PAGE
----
A team of archaeologists discovered ancient "nests" of remains of prehistoric hunter-gatherers who died about 30,000 years ago.
The remains was discovered in a cave in France known as the Grotte de Cussac cave, which is located in the south west of the country.
The findings shed fresh light on the burial rituals of Paleolithic humans, which is also a member of the Gravettian culture of the European Upper Paleolithic. They are particularly notable for their prolific cave art "Venus" figurines, portraying voluptuous female figures and elaborate burial rituals. The culture has become famous among archaeologists.
Researchers have studies the cave and published their study in the Proceedings of the National Academy of Sciences.
Previous papers have reported about the findings of human remains, but the newest study is the first of its sort which provides a detailed description of all of them as well as a comprehensive analysis of the mortuary behaviours that led to the particular distribution of the bones.
The study reported that two areas of human remains was discovered, in which one included the skeleton of a young male adult in a shallow depression that was once a bear nest, along with the fragmentary remains of at least two other individuals spread across two other former bear nests.
The second discovery was found deeper in the cave where the remains of at least three individuals was found, which included two adults and one adolescent.
Several of the burials were similar to traits discovered in other Gravettian sites, but according to the authors of the paper, only a handful of characteristics appear unique to this ancient culture. A reason for this statement is that some of the remains were found much deeper into the cave than are associated with abundant rock art – an unusual feature for Gravettian burial sites – which contains more than 800 engravings.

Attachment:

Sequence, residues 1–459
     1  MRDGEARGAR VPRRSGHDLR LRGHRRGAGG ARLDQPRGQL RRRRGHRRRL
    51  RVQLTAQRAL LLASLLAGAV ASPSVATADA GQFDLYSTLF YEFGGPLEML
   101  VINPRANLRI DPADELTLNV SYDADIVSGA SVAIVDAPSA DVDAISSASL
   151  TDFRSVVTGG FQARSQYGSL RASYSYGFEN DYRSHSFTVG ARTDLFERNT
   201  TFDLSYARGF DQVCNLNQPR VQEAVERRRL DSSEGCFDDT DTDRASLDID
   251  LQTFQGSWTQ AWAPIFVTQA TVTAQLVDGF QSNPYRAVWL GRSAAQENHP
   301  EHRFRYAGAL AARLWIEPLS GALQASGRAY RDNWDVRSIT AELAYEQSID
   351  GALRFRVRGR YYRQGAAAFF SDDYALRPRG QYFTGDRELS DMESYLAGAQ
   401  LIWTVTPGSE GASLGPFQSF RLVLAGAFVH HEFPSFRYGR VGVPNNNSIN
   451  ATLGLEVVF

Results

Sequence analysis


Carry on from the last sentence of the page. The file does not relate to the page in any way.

"These human remains are located deep in the cave, which is a unique finding for this period – all previously known Gravettian burials are located in open air sites, rockshelters, or cave entrances," Sacha Kacki, with the French National Center for Scientific Research, told Newsweek.
He added: "The Grotte de Cussac is not only a burial place, but also a decorated cave. It is quite rare that Gravettian human remains are found close to (cave) art, and the Grotte de Cussac is the first discovered cave where the mortuary rites and the art are very likely contemporaneous. Most of the human remains in Cussac are disarticulated due to human manipulations of bones or body parts after or during decomposition. Although post-mortem manipulations of human remains have been previously documented for other Gravettian sites, some types of manipulations at Cussac are unknown elsewhere, including the removal of crania and the deliberate commingling of the remains of several individuals. These observations indicate diverse and complex mortuary behaviors during the Gravettian, which provides a window onto the social complexity of human groups from the Upper Paleolithic."